Harmony Week: Student shares his Ramadan experience

Mustafa Ali Khan is getting used to the alarm going off at 5am and eating breakfast before the sun rises.

That breakfast – which typically includes eggs, flatbread, chicken stew and plenty of water – is the last thing the Year 12 student will eat for the next 14-plus hours.

Mustafa is among approximately 15 Blackfriars students currently fasting for Ramadan.

Ramadan is considered one of the holiest months for Muslims around the world. Those observing Ramadan do not eat – or have anything to drink, including water – between sunrise and sunset.

It is also a time of prayer, reflection and community and teaches self-discipline, self-control and empathy for those who are less fortunate.

“The most important reason for it (Ramadan) is because we are told by God and obviously God knows what is best for us and we don’t question him,” Mustafa says.

“We know he is doing everything for a reason. This is a test for us.”

Mustafa and his family, as Shia Muslims, wait until about 15 minutes after sunset to break their daily fast. The first thing they will eat is a date.

“That’s how it’s religiously and traditionally broken,” Mustafa says.

“Dates are a really common fruit in the Middle East … and Prophet Muhammad, who is arguably the most important figure in our religion, he broke his fast with a date. We want to follow in his footsteps.

“Something that is really common for my community and my culture is paneer (a type of cheese). We have that with bread. It (paneer) is always there, some flatbread to the side, the dates. And a lot of people have tea.

“When you break your fast, you want to take it slow after a whole day of not eating.”

Each night during Ramadan, Mustafa also attends the Mosque.

“The hardest thing for me right now is getting my sleep schedule right,” he says.

“I go to the Mosque each night … and you read one chapter of the Quran. By the end of that, it’s almost 10pm, so maybe I get to sleep about 10.30pm.

“When I wake up in the mornings … I come to school early … to try and get some work done. Lately it’s been really hard with the sleep.”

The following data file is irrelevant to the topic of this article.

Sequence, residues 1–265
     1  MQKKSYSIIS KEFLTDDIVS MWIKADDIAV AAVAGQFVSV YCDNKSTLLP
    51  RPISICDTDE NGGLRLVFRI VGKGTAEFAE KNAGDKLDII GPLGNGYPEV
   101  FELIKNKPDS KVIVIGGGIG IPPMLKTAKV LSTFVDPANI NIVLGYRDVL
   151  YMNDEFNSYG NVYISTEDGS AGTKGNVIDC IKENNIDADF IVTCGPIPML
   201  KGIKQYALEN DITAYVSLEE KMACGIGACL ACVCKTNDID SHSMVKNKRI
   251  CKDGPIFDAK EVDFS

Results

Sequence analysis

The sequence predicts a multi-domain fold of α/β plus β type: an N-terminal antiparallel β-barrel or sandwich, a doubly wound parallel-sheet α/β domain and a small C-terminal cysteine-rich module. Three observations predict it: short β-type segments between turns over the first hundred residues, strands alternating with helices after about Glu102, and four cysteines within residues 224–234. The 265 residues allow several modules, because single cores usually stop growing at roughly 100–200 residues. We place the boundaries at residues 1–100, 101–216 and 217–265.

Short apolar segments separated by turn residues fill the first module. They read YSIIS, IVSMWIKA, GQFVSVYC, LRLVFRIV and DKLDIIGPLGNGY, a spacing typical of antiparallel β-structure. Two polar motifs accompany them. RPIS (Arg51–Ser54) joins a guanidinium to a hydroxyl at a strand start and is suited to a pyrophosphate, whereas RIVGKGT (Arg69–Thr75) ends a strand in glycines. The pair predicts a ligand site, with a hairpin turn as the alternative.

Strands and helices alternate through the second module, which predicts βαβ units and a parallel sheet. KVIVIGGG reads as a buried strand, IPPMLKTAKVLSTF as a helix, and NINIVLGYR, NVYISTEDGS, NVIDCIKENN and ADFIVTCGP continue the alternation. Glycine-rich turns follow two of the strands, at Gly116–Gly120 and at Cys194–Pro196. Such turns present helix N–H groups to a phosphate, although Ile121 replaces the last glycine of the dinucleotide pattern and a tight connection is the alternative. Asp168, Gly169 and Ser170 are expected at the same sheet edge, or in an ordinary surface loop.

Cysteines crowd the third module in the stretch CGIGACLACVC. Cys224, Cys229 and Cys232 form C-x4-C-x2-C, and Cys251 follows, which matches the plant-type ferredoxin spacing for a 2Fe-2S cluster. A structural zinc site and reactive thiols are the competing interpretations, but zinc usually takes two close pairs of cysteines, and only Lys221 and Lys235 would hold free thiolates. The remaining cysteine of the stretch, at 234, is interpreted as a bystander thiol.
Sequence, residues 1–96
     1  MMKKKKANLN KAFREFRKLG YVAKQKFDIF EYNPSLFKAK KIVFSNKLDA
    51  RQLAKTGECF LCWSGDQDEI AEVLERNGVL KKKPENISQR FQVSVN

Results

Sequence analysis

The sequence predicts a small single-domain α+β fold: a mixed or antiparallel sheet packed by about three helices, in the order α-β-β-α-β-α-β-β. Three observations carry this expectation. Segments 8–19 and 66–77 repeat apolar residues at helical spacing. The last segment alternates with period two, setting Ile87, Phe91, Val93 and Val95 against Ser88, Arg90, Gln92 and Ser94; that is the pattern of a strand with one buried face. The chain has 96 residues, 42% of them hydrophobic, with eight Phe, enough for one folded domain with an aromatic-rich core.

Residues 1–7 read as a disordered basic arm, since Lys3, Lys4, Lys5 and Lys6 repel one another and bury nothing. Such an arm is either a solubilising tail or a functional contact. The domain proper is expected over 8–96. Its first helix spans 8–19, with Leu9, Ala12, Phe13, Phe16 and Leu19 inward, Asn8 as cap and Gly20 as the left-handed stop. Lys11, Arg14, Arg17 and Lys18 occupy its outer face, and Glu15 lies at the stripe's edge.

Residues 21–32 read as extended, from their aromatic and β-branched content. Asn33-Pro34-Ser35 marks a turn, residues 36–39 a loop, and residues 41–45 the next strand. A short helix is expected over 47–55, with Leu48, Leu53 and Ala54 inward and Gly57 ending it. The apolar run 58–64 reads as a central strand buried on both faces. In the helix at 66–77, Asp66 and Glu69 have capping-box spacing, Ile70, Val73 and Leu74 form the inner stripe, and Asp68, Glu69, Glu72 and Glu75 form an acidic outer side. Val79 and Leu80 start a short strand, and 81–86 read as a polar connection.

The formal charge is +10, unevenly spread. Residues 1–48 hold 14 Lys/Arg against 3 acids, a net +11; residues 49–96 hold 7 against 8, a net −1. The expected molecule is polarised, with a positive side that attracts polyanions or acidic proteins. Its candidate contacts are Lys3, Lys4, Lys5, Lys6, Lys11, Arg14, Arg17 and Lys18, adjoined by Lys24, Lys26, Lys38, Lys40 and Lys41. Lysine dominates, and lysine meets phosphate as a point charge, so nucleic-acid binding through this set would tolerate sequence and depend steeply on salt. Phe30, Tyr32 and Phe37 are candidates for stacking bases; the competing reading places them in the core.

Ramadan concludes with the celebration of Eid (this year on Wednesday 10 April), which is a festive day of prayers, feasting and giving of gifts. It is a time of joy and gratitude for the blessings of Ramadan.

“(Eid) is the biggest celebration of the year,” Mustafa says.

“You wake up early in the morning and there is a special prayer at the Mosque. After praying together, we all go outside and there’s some pastries, chai, that’s a popular one, and we just talk to each other, we hug each other.

“It’s like Christmas for us. Everyone is happy … we are all happy together. It’s just a really enjoyable day.”

Mustafa Ali Khan, Year 12, reflects on Ramadan.

Mustafa’s maternal family is originally from Afghanistan, but moved to Pakistan when his mother was a toddler. In 2015, seeking a better life, the family moved to Australia.

Back then, Mustafa spoke some Urdu and Hindi, as well as his native Hazaraghi. But, almost incomprehensibly when you chat with him today, he spoke no English.

“It was really hard at first,” he says of learning English. “But the class I was in, there were a few Afghans, so I spoke to them and my first ever teacher, she spoke Urdu … that helped me a lot as well.”

Now, as he completes Year 12 at Blackfriars, he is starting to think about his post-school future. He is almost certain he wants to go to university, although he is not yet sure what he wants to study.

“I just want to find a job that makes me happy,” he says.

This week is Harmony Week, an opportunity to celebrate cultural diversity – at Blackfriars and across our nation.

“While we are a proud Catholic school, Blackfriars is also proudly home to students from more than 40 cultures and many faith backgrounds,” APRIM Angela Collins says.  

“Living in a multicultural community offers so many learning opportunities and nurtures diverse thinkers as we see just a smidgen of life lived through a different lens.

“It reminds us that we are part of an ever-increasingly connected world. Hopefully, we will continue to build empathy, dismantle stereotypes and nurture true communication and understanding.”

Italian Power Radio: Blackfriars old scholar's cultural quest

Blackfriars old scholar Jake Giacchino Graziani is hitting the airwaves to keep Italian culture alive in Adelaide.


Want more news?

Keep up-to-date with all the happenings in and around Blackfriars on our socials.

Follow usfind us on facebook Follow usfind us on facebook

Similar Posts